Because the driving force transmission mechanism is disposed on the car, the noise emitted from the mechanism may be high enough to make passengers feel less comfortable sometimes.
According to the present invention, an elevator system includes an elevator car arranged for travel along a hoistway, a plurality of driving means for providing driving torques, the driving means being disposed on the elevator car, a plurality of torque transferring means for transferring the driving torques provided by the driving means, the torque transferring means being connected to the plurality of driving means, respectively, and a plurality of elongated structures which is in engagement with the torque transferring means, extending along the hoistway.
A feature of the present invention is a number of driving means disposed on the elevator car.
Another feature of the present invention is a number of torque transferring means connected to a respective number driving means.
A further feature of the present invention is a plurality of elongated structures which is in engagement with the torque transferring means, extending along the hoistway.
A principal advantage of the present invention is the self-propulsion of the elevator car. Firstly, because the elevator car is self-propelled by the driving means disposed on the car, neither rope nor counterweight is necessary unlike some existing elevators. Secondly, the torque provided by each of the driving means is directly transmitted to the elongated structures via each of the torque transferring means. Thus, on the one hand, there is a less complicated torque transmission mechanism with the elevator system. On the other hand, the noise emitted from the torque transmission mechanism may be reduced compared with that from some conventional torque transmission mechanism, for example, a gear box or a chain. Thirdly, various types of conventional driving means could be employed in the present invention, e.g., an ac motor or a dc motor. Therefore, traditional speed regulating methods and devices may be applied.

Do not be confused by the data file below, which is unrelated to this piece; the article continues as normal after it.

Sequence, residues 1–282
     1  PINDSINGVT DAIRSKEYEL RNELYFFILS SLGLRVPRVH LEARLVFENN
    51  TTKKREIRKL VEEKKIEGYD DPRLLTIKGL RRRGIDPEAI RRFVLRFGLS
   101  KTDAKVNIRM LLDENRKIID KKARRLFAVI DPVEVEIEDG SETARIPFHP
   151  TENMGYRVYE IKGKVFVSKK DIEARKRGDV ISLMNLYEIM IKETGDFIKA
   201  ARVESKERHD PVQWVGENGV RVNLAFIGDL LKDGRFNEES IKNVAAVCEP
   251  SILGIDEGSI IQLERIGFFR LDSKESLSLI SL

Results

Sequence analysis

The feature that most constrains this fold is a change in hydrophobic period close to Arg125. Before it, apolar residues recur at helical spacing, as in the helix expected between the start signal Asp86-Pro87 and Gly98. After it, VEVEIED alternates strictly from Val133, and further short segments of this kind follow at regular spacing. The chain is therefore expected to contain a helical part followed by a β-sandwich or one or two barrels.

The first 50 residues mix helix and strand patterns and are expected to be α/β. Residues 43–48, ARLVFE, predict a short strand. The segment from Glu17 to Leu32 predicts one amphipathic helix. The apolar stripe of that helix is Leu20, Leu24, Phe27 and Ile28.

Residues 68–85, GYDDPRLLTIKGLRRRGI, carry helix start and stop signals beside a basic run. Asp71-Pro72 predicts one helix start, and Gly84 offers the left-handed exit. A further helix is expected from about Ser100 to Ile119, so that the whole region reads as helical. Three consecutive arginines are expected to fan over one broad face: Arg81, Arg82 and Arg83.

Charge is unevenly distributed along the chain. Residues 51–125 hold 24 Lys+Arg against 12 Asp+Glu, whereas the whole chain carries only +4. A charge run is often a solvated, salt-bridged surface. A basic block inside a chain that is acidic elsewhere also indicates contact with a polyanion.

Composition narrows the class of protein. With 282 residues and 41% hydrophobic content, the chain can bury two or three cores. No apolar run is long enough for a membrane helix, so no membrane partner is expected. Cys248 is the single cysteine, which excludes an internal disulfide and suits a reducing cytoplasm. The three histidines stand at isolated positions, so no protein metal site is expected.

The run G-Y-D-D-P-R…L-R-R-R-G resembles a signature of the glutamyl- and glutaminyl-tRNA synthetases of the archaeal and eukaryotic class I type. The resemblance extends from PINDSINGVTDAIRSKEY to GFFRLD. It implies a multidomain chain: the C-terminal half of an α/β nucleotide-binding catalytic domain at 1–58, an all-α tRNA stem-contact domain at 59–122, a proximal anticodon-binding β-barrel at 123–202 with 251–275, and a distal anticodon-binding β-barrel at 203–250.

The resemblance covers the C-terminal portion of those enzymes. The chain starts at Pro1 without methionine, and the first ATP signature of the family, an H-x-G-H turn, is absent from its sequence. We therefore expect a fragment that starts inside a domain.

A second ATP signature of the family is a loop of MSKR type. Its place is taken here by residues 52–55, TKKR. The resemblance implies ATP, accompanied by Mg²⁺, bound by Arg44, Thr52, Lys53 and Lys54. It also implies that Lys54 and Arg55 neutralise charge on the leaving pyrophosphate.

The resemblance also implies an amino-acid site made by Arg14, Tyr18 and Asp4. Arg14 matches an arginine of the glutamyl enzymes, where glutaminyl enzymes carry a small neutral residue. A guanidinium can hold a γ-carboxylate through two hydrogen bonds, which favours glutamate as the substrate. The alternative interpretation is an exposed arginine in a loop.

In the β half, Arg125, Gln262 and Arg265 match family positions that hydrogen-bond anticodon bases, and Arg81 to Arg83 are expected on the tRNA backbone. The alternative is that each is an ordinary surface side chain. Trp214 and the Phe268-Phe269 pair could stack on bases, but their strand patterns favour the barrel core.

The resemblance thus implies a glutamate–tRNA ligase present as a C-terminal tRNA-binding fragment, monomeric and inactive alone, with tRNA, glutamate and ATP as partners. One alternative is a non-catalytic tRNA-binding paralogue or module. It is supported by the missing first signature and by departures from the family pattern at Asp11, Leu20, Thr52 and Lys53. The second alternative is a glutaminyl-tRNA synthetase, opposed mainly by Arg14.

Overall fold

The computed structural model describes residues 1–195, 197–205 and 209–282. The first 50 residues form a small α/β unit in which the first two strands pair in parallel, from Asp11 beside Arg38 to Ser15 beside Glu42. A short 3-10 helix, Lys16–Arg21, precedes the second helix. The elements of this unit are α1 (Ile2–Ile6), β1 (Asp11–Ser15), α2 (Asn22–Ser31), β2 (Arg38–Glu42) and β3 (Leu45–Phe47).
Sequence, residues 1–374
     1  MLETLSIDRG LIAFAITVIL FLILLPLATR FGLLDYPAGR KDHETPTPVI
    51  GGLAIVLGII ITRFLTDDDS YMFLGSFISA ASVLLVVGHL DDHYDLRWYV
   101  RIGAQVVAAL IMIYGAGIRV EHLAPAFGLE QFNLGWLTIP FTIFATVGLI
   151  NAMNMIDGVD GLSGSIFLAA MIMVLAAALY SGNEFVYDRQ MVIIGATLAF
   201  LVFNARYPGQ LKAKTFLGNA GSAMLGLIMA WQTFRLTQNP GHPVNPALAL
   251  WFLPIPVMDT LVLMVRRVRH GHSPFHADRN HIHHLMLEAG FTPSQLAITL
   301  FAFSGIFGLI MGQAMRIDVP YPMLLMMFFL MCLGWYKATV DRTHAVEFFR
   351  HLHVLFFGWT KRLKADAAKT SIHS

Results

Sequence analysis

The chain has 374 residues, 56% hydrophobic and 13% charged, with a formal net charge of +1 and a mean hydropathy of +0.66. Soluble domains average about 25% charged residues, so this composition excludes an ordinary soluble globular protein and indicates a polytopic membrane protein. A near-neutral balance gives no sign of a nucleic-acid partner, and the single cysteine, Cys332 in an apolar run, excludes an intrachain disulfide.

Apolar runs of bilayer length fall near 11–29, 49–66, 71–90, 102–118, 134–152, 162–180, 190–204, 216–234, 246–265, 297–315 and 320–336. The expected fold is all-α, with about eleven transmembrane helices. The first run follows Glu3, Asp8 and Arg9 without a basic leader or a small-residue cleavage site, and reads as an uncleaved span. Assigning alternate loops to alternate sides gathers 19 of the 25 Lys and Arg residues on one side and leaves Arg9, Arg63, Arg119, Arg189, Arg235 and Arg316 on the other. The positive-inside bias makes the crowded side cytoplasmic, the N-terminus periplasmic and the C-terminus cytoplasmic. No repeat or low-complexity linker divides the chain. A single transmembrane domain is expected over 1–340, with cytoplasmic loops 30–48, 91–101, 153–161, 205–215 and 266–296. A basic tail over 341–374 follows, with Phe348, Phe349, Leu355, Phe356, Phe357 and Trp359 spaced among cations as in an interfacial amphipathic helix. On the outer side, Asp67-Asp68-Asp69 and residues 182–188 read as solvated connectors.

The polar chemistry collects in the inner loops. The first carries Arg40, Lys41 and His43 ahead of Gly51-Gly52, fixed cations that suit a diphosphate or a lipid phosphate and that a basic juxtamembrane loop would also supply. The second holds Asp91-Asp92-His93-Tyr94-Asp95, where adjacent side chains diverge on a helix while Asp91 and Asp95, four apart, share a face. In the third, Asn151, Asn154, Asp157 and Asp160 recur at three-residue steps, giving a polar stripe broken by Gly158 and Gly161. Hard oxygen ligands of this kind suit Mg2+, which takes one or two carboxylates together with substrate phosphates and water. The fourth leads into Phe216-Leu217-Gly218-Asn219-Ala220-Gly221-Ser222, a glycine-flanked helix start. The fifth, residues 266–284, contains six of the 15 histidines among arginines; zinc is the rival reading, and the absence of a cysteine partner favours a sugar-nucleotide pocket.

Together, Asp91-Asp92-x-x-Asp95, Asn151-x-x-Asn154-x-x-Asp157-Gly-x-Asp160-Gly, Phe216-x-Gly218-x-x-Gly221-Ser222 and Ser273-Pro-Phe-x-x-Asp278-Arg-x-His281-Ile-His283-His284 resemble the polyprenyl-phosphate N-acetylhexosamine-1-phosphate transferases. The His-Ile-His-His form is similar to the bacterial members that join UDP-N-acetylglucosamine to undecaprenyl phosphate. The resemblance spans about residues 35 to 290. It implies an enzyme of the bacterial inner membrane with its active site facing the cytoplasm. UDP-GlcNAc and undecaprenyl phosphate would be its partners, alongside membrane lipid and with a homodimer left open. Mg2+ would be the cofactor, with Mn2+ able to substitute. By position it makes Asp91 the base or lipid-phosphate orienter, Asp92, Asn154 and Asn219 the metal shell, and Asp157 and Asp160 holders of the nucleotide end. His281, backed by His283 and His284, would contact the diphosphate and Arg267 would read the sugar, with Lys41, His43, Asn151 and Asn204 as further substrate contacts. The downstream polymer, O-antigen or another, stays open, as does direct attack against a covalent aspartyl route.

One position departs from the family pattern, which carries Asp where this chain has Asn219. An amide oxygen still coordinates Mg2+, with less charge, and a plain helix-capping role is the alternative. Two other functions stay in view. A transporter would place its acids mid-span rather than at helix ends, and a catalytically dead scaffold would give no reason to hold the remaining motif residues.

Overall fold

Other features and advantages of the present invention will become more apparent in light of the following detailed description of the best mode to carry out the invention and in the accompanying drawing.
FIG. 1 is a perspective view of the elevator system of the present invention;
FIG. 2 is an enlarged view of the portion of FIG. 1 surrounded by a dashed line shown in FIG. 1;
FIG. 3 is a top schematic view partially in cross-section, showing two driving means connected to two transferring means in engagement with a guide rail, all according to the present invention; and
FIG. 4 is a schematic diagram, showing a typical power supply configuration for the present invention, including a plurality of driving means disposed on the elevator car, a controller, and a power supply (e.g., a DC electrical energy source).
FIG. 1 typically illustrates the elevator system of this invention.
An elevator car 10 is installed in a hoistway 12. The hoistway 12 is arranged for travel of the elevator car 10 through almost entire length thereof, and is defined by a plurality of elongated structures, such as a pair of guide rails 14, which function as traction rails for receiving traction force of the elevator car 10. Ordinarily, the hoistway 12 is built as a shaft formed by building walls (not shown). Typically, buffers (not shown) are present at the bottom (not shown) of the hoistway 12.
The guide rails 14 are, as shown in FIG. 1 or FIG. 2, installed on each side of the elevator car 10 respectively in this embodiment. Each of the guide rails 14 is, for example, a T-shaped (in cross-section) beam made of a durable hard material such as metal (e.g., steel).